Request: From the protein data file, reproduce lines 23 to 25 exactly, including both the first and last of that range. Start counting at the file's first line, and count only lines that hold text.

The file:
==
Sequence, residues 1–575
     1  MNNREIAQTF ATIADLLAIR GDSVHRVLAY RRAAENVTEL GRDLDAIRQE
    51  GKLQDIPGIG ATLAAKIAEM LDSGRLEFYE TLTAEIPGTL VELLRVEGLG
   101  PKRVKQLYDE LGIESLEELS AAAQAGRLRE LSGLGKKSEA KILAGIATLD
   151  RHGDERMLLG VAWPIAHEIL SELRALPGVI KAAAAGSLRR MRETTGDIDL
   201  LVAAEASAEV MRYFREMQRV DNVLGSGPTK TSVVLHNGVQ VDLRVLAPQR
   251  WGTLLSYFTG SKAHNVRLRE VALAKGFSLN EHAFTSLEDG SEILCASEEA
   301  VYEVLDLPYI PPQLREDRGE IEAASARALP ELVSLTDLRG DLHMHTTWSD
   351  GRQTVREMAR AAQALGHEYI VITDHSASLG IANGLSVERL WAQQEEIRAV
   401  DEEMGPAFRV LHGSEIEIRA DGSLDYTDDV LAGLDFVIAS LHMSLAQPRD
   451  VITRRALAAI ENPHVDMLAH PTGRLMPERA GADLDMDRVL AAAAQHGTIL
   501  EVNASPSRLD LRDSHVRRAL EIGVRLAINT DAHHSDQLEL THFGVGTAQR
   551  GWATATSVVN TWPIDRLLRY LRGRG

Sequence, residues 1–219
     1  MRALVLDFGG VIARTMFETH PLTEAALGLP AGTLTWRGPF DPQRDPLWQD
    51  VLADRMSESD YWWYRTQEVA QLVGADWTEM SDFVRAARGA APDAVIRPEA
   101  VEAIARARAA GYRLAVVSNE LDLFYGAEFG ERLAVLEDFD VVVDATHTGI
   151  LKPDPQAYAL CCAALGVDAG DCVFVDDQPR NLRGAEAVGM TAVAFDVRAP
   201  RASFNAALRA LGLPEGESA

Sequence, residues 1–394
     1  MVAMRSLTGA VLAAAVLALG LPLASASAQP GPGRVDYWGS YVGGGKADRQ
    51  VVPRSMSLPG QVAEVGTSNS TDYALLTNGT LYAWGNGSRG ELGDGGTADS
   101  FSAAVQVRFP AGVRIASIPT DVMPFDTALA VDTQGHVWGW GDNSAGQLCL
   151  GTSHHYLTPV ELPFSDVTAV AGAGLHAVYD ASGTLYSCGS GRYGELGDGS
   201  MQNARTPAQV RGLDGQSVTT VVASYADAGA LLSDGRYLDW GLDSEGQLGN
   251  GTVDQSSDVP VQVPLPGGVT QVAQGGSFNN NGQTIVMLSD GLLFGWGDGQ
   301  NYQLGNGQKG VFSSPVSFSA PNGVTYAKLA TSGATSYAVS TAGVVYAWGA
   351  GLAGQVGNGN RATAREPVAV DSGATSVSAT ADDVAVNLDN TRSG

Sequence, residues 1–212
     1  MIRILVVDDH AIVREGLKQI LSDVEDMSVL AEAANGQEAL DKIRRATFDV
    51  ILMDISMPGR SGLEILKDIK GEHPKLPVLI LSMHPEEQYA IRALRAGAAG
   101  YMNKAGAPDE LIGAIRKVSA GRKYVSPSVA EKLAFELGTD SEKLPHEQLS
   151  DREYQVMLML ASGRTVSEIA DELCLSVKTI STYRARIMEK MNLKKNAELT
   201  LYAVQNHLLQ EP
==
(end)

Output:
   101  FSAAVQVRFP AGVRIASIPT DVMPFDTALA VDTQGHVWGW GDNSAGQLCL
   151  GTSHHYLTPV ELPFSDVTAV AGAGLHAVYD ASGTLYSCGS GRYGELGDGS
   201  MQNARTPAQV RGLDGQSVTT VVASYADAGA LLSDGRYLDW GLDSEGQLGN